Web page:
AMA Medical Students Tell Congress: Protect Residency Programs So We Can Care for Patients

Medical student advocates call for retaining funding for graduate medical education, increasing training positions to address physician shortage

FOR IMMEDIATE RELEASE                                                                 February 11, 2013
Please note: Photos attached

WASHINGTON – Hundreds of medical students from across the country visited Capitol Hill today for the AMA’s medical student advocacy day. They urged Congress to retain Medicare funding for graduate medical education (GME) programs, known as residencies, and lift the cap to increase the number of Medicare-supported residency slots. As the nation deals with a physician shortage, it is important that all medical students can complete their training and care for patients.

“Residency training gives new physicians hands-on experience and provides high-quality care to patients,” said AMA President Jeremy Lazarus, M.D. “Limiting residency slots available to train physicians as they leave medical school creates a bottleneck in the system and prevents the physician workforce from growing to meet the needs of our nation’s patients.”

The demand for physicians will grow as the U.S. population continues to age, life expectancy increases and 30 million newly-insured Americans have increased access to health care services from the Affordable Care Act. 

Medical schools are expanding enrollment and making changes to prepare students for the future practice of medicine, and the AMA has announced a $10 million initiative to further accelerate change in undergraduate medical education. But that is just part of the continuum of medical education essential to produce physicians ready to meet future demands. The number of GME slots has been frozen by the federal government since 1997, and U.S. medical school graduates will exceed the number of available slots as soon as 2015.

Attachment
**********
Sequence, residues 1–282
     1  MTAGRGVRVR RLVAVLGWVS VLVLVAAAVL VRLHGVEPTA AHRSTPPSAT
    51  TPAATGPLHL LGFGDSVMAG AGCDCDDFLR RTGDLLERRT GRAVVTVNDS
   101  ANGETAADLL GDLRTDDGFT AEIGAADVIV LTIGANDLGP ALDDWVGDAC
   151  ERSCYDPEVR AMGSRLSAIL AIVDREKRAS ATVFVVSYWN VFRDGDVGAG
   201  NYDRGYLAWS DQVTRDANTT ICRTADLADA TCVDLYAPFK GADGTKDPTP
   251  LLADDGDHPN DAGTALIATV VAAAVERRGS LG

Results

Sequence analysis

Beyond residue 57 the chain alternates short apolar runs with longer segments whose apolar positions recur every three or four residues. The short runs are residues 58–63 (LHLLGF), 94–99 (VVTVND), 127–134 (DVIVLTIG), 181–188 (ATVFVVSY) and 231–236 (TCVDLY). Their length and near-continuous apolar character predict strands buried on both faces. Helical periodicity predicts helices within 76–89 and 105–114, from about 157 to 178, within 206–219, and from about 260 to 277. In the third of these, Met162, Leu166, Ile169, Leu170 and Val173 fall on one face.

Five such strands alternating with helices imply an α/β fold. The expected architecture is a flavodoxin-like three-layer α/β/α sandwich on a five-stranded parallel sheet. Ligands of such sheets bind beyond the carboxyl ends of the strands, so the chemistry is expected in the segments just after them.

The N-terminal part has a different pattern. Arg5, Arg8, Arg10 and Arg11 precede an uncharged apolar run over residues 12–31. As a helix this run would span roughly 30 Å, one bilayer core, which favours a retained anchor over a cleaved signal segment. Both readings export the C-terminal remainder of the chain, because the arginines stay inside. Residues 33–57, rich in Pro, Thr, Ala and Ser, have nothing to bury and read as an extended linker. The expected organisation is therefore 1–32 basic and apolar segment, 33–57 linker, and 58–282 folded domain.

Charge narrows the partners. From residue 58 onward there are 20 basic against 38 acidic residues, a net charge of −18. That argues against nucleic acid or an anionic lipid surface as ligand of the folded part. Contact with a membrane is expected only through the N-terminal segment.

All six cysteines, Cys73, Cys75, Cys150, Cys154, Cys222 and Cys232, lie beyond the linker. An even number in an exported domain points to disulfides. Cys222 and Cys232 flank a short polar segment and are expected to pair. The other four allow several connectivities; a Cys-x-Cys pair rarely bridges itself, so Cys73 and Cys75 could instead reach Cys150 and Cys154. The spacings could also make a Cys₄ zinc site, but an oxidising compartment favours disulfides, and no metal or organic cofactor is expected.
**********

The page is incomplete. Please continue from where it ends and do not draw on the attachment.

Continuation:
“Medical students, patients and physicians who are concerned about protecting GME slots to reduce the physician shortage can contact their elected officials through a new website, www.SaveGME.org,” said Dr. Lazarus. “The timing is especially critical as Medicare budget cuts from sequestration could have an impact on funding for graduate medical education.”

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Media Contact:

Heather Lasher Todd
AMA Media Relations
202-789-7421
Heather.Lasher.Todd@ama-assn.org 

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The American Medical Association helps doctors help patients by uniting physicians nationwide to work on the most important professional, public health and health policy issues. The nation’s largest physician organization plays a leading role in shaping the future of medicine. For more information on the AMA, please visit www.ama-assn.org.

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About the American Medical Association (AMA) Since 1847 the American Medical Association has had one mission: to promote the art and science of medicine and the betterment of public health. Today, the core strategy used to carry out this mission is our concerted effort to help doctors help patients. We do this by uniting physicians nationwide to work on the most important professional and public health issues. In 2011 our strategic plan focuses on five areas that encompass the central elements in health system reform: Access to care Quality of care Cost of health care Prevention and wellness Payment models Vist the AMA's 2011 strategic plan at: http://www.ama-assn.org/ama/pub/about-ama/strategic-issues.page These topics represent the major areas of emphasis in which the AMA carries out its mission in the current environment. Our proposed actions are not only directed at solving reform issues at the policy level, but also at helping physicians adapt to—and adopt—changes in a productive way. To learn more about how the AMA is moving medicine forward, read our flyer at: http://www.ama-assn.org/resources/doc/about-ama/moving-medicine-forward.pdf.

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